Front Page Titles (by Subject) TO THE PRESIDENT OF CONGRESS. - The Writings of George Washington, vol. V (1776-1777)
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TO THE PRESIDENT OF CONGRESS. - George Washington, The Writings of George Washington, vol. V (1776-1777) 
The Writings of George Washington, collected and edited by Worthington Chauncey Ford (New York and London: G. P. Putnam’s Sons, 1890). Vol. V (1776-1777).
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TO THE PRESIDENT OF CONGRESS.
General Greene’s Quarters,
Since I had the honor of addressing you last, an important event has taken place, of which I wish to give you the earliest intelligence. The preservation of the passage of the North River was an object of so much consequence, that I thought no pains or expense too great for that purpose; and, therefore, after sending off all the valuable stores, except such as were necessary for its defence, I determined, agreeable to the advice of most of the general officers, to risk something to defend the post on the east side, called Mount Washington. When the army moved up in consequence of General Howe’s landing at Frog’s Point, Colonel Magaw was left on that command, with about twelve hundred men, and orders given to defend it to the last. Afterwards, reflecting upon the smallness of the garrison, and the difficulty of their holding it, if General Howe should fall down upon it with his whole force, I wrote to General Greene, who had the command on the Jersey shore, directing him to govern himself by circumstances, and to retain or evacuate the post as he should think best, and revoking the absolute order to Colonel Magaw to defend the post to the last extremity. General Greene, struck with the importance of the post, and the discouragement, which our evacuation of posts must necessarily have given, reinforced Colonel Magaw with detachments from several regiments of the Flying Camp, but chiefly of Pennsylvania, so as to make up the number about two thousand.
In this situation things were yesterday, when General Howe demanded the surrender of the garrison, to which Colonel Magaw returned a spirited refusal.1 Immediately upon receiving an account of this transaction, I came from Hackinsac to this place, and had partly crossed the North River when I met General Putnam and General Greene, who were just returning from thence, and informed me that the troops were in high spirits, and would make a good defence; and, it being late at night, I returned. Early this morning Colonel Magaw posted his troops partly in the lines thrown up by our army on our first coming thither from New York, and partly on a commanding hill lying north of Mount Washington, (the lines being all to the southward). In this position the attack began about ten o’clock, which our troops stood, and returned the fire in such a manner as gave me great hopes that the enemy was entirely repulsed. But at this time a body of troops crossed Haerlem River in boats, and landed inside of the second lines, our troops being then engaged in the first. Colonel Cadwalader, who commanded in the lines, sent off a detachment to oppose them; but they, being overpowered by numbers, gave way; upon which, Colonel Cadwalader ordered his troops to retreat in order to gain the fort. It was done with much confusion; and the enemy crossing over came in upon them in such a manner, that a number of them surrendered.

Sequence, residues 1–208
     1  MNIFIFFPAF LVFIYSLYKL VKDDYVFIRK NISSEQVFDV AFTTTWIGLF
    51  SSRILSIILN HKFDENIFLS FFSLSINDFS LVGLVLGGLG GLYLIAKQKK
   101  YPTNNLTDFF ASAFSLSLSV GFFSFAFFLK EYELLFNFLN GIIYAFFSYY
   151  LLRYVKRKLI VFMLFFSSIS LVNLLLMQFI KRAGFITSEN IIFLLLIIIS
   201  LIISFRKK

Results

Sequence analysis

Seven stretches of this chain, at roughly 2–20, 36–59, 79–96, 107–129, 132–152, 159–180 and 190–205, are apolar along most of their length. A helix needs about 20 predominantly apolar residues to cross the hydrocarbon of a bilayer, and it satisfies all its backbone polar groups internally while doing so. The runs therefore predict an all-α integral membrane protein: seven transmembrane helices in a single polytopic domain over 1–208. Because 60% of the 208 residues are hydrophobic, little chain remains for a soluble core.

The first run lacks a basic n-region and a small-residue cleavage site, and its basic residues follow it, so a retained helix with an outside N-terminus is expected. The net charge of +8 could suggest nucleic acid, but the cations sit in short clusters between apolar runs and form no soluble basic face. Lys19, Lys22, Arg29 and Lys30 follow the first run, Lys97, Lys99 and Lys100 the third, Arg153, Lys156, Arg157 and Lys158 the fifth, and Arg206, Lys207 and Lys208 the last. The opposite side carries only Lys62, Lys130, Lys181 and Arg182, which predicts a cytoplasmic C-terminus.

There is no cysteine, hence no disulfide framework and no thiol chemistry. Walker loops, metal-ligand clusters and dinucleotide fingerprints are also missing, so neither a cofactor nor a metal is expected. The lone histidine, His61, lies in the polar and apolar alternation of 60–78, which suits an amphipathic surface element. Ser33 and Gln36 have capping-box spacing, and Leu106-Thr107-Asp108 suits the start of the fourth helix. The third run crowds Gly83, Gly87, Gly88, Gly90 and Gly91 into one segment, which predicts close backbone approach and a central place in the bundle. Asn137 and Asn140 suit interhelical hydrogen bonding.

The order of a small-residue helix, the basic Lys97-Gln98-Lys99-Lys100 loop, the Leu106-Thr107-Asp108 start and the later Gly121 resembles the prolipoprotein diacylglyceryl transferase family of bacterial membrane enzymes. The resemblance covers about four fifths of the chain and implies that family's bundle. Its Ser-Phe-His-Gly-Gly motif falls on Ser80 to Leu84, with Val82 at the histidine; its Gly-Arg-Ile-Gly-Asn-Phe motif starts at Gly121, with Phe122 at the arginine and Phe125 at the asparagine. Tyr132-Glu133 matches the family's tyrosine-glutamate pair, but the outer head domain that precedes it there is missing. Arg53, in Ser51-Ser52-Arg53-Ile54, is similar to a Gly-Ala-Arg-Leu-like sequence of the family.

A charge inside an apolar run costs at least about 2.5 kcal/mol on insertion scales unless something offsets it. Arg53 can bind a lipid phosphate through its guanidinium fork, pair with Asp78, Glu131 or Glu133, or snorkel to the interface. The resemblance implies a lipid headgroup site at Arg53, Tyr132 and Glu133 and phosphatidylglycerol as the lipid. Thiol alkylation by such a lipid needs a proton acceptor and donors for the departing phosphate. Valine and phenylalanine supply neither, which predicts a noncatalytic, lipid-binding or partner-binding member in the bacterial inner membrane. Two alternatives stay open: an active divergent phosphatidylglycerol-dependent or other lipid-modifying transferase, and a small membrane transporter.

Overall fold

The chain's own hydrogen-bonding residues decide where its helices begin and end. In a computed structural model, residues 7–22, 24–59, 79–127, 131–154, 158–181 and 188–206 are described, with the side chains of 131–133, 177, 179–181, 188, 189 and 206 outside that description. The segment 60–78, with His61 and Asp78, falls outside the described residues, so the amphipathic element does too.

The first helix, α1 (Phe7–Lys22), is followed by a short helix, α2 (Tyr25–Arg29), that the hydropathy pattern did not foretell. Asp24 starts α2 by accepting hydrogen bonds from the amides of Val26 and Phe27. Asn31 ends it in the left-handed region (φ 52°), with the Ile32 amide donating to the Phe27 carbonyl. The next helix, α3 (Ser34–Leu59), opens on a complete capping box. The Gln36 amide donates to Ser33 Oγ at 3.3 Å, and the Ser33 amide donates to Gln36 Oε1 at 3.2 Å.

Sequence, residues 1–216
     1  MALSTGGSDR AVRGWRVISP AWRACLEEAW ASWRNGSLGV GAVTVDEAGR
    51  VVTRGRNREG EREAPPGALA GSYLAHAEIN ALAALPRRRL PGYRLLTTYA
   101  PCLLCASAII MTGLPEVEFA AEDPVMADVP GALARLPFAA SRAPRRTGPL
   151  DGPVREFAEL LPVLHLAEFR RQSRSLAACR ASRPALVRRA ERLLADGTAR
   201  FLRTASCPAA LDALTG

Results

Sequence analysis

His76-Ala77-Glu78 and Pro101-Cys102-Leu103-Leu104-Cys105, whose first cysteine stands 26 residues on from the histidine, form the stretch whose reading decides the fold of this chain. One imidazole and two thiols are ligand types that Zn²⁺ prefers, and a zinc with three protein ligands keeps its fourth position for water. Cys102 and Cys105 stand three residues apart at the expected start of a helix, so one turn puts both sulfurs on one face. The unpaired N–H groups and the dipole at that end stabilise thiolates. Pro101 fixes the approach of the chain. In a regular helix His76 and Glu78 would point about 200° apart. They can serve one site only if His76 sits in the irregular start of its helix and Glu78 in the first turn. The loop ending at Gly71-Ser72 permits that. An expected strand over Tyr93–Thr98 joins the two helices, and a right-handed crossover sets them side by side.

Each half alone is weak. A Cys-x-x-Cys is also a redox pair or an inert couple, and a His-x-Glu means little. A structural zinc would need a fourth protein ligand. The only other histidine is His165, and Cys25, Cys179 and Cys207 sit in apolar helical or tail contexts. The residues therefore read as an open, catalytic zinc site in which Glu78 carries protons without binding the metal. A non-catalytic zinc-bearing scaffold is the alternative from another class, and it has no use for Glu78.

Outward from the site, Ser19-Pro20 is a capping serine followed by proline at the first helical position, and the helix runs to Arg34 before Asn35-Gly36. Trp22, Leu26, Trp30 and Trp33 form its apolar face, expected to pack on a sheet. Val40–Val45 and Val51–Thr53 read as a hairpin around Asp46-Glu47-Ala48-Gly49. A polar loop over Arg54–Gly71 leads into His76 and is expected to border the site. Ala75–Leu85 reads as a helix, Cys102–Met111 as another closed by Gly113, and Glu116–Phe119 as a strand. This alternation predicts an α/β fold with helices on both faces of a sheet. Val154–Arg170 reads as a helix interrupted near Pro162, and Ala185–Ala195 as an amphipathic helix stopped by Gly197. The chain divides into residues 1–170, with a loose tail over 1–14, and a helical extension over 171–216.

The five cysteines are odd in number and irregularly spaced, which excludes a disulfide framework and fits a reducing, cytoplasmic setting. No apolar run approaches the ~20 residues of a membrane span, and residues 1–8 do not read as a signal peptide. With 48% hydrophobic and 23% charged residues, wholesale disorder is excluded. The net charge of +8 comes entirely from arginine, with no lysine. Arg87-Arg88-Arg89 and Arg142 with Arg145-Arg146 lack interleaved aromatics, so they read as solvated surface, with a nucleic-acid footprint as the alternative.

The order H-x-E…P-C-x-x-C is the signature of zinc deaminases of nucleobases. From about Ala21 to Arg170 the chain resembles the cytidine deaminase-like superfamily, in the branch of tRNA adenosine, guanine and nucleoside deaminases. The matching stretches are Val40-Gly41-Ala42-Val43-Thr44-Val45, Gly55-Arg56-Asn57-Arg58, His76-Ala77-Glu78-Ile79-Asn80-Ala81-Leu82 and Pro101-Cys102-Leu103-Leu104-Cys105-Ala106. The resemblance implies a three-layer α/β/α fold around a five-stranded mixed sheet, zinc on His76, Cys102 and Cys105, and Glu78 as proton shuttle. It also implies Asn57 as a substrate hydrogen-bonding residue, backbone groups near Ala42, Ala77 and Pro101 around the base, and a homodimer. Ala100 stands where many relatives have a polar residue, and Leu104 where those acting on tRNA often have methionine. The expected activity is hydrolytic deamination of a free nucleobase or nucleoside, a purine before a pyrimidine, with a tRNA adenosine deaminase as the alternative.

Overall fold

At this time the Hessians advanced on the north side of the fort in very large bodies. They were received by the troops posted there with proper spirit, and kept back a considerable time; but at length they were also obliged to submit to a superiority of numbers, and retire under the cannon of the fort. The enemy, having advanced thus far, halted, and immediately a flag went in, with a repetition of the demand of the fortress, as I suppose.1 At this time I sent a billet to Colonel Magaw, directing him to hold out, and I would endeavor this evening to bring off the garrison, if the fortress could not be maintained, as I did not expect it could, the enemy being possessed of the adjacent ground. But, before this reached him, he had entered too far into a treaty to retract; after which, Colonel Cadwalader told another messenger, who went over, that they had been able to obtain no other terms than to surrender as prisoners of war.1 In this situation matters now stand. I have stopped General Beall’s and General Heard’s brigades, to preserve the post and stores here, which, with the other troops, I hope we shall be able to effect. I do not yet know the numbers killed or wounded on either side; but, from the heaviness and continuance of fire in some places, I imagine there must have been considerable execution. The loss of such a number of officers and men, many of whom have been trained with more than common attention, will, I fear, be severely felt; but, when that of the arms and accoutrements is added, much more so; and must be a further incentive to procure as considerable a supply as possible for the new troops, as soon as it can be done. I am, &c.2
[1 ]Colonel Magaw returned the following answer to the British adjutant-general, who sent him the summons to surrender the fort:
[1 ]General Howe in his public despatch stated, that Colonel Rahl had brought his column within one hundred yards of the fort, when he summoned it to surrender, and a treaty was acceded to by Colonel Magaw.
[1 ]They were required to surrender as prisoners of war, giving up their arms, ammunition, and stores of every kind; but the men in the garrison were allowed to keep possession of their baggage, and the officers to retain their swords.
[2 ]Read in Congress November 9th.